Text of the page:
No Cameras Will Be Allowed In Courtroom For Jussie Smollett's Trial
CHICAGO (CBS) -- When actor Jussie Smollett goes on trial on disorderly conduct charges next month, cameras will not be allowed in the courtroom.
A Cook County judge denied a request for extended media coverage of the trial on Friday, and also rejected a motion by Smollett's attorney to dismiss the case.
Smollett faces six counts of disorderly conduct, accused of filing false police reports that he was the victim of a racist and homophobic assault on the way home from Subway in the middle of the night in Streeterville in January 2019.
In March 2019, Cook County prosecutors dropped the original case against Smollett, dismissing 16 counts of disorderly conduct against him, without requiring he admit any wrongdoing, in a controversial move just weeks after he'd pleaded not guilty.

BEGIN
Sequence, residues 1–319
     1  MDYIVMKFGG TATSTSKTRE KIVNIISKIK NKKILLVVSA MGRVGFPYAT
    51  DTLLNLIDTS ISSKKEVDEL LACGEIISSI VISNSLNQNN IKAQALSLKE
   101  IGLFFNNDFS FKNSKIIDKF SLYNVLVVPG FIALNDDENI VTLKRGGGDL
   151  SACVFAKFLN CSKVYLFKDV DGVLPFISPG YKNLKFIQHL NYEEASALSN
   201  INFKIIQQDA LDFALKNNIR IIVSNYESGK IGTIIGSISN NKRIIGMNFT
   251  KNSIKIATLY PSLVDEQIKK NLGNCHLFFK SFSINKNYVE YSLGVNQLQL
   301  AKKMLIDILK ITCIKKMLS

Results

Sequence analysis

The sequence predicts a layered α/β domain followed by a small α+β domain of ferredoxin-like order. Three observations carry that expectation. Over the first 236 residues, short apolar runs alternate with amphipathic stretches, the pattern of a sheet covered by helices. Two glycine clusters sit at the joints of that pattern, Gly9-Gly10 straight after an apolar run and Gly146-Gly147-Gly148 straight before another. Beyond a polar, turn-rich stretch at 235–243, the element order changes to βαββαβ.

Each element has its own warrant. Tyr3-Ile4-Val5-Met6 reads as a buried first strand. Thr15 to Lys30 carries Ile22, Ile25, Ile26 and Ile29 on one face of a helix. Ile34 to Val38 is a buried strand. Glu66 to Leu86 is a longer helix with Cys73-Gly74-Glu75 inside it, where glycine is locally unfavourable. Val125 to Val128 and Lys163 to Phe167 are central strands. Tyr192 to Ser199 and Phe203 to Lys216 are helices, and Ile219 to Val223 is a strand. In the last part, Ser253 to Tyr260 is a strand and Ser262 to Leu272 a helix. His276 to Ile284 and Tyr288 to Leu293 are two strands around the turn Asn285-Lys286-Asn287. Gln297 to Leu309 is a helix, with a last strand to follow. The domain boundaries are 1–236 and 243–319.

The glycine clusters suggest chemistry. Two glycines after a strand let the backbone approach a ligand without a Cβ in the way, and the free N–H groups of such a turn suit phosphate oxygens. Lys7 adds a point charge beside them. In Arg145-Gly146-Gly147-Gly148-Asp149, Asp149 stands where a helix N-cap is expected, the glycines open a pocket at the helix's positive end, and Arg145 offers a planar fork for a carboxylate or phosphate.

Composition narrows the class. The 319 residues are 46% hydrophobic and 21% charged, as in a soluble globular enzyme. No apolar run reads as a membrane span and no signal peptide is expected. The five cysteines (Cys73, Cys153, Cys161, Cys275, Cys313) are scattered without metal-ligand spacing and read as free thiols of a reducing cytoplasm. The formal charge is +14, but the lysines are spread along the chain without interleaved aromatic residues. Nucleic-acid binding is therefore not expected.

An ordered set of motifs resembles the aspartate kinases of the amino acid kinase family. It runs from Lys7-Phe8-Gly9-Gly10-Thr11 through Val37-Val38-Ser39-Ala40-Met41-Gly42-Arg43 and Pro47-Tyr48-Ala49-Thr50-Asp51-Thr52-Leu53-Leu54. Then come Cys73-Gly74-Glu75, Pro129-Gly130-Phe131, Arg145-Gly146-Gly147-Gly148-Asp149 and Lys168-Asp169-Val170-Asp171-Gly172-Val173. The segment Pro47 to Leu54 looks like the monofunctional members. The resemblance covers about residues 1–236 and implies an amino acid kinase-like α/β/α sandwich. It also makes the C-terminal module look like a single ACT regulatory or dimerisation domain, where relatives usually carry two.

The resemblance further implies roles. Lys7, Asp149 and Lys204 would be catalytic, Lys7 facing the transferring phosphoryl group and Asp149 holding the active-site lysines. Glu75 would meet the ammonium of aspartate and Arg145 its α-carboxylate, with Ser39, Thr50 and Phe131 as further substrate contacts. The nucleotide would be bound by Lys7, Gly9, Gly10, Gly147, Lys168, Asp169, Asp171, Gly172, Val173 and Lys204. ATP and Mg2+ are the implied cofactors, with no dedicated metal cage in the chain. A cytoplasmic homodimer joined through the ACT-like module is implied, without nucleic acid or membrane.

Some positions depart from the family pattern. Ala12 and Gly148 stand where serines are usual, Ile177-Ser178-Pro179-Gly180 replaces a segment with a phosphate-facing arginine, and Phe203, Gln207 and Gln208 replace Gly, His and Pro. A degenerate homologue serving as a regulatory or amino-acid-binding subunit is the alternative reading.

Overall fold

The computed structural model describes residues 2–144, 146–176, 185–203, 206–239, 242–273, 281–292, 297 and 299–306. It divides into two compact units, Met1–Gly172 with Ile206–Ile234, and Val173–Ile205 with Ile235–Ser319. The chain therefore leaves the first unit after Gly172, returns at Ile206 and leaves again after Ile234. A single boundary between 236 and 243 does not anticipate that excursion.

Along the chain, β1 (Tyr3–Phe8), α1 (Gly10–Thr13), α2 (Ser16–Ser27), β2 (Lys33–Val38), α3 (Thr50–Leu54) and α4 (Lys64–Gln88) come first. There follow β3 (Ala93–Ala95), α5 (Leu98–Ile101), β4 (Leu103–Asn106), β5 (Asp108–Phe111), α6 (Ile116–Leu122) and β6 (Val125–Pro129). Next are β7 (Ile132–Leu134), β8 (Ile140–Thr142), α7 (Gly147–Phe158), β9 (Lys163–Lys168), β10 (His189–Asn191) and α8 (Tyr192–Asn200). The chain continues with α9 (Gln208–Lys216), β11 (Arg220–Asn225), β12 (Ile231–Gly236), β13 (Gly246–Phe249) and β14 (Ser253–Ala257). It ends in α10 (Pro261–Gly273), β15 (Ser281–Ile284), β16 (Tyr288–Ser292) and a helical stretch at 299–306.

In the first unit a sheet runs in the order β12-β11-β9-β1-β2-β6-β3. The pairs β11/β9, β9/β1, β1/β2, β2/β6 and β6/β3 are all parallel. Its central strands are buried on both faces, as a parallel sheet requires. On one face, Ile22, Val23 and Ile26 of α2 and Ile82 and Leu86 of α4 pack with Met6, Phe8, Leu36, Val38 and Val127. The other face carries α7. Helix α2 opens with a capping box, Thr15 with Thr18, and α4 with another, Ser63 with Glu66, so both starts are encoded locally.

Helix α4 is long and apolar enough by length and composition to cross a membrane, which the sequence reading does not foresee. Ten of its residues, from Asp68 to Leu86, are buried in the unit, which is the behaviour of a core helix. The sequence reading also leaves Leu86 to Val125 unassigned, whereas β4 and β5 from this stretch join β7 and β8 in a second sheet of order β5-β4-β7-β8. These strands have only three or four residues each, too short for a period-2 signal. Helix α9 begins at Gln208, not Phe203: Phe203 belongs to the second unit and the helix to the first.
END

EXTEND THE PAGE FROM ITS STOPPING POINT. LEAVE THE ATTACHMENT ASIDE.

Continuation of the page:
A special prosecutor later was assigned to look into the entire case, after a judge found "unprecedented irregularities" in how Cook County State's Attorney Kim Foxx handled the case, specifically by handing it over to her second-in-command after announcing she had recused herself.
Last year, following an investigation by special prosecutor Dan Webb, a special Cook County grand jury returned a six-count indictment accusing Smollett of lying to Chicago Police.
Attorneys for the actor said Smollett's rights were violated when he was indicted the second time, because he performed community service after the original charges were filed, and gave up his $10,000 bond in a deal with Cook County prosecutors to drop charges.
But on Friday Judge James Linn said when Judge Michael Toomin appointed Webb as a special prosecutor to investigate the entire case in August 2019, he ruled the original case against Smollett was void, after determining Foxx improperly recused herself and appointed a top deputy to prosecute the case.
With Smollett's latest bid to dismiss the case denied, jury selection for his trial is slated to begin Nov. 29.
Smollett has pleaded not guilty to all charges.
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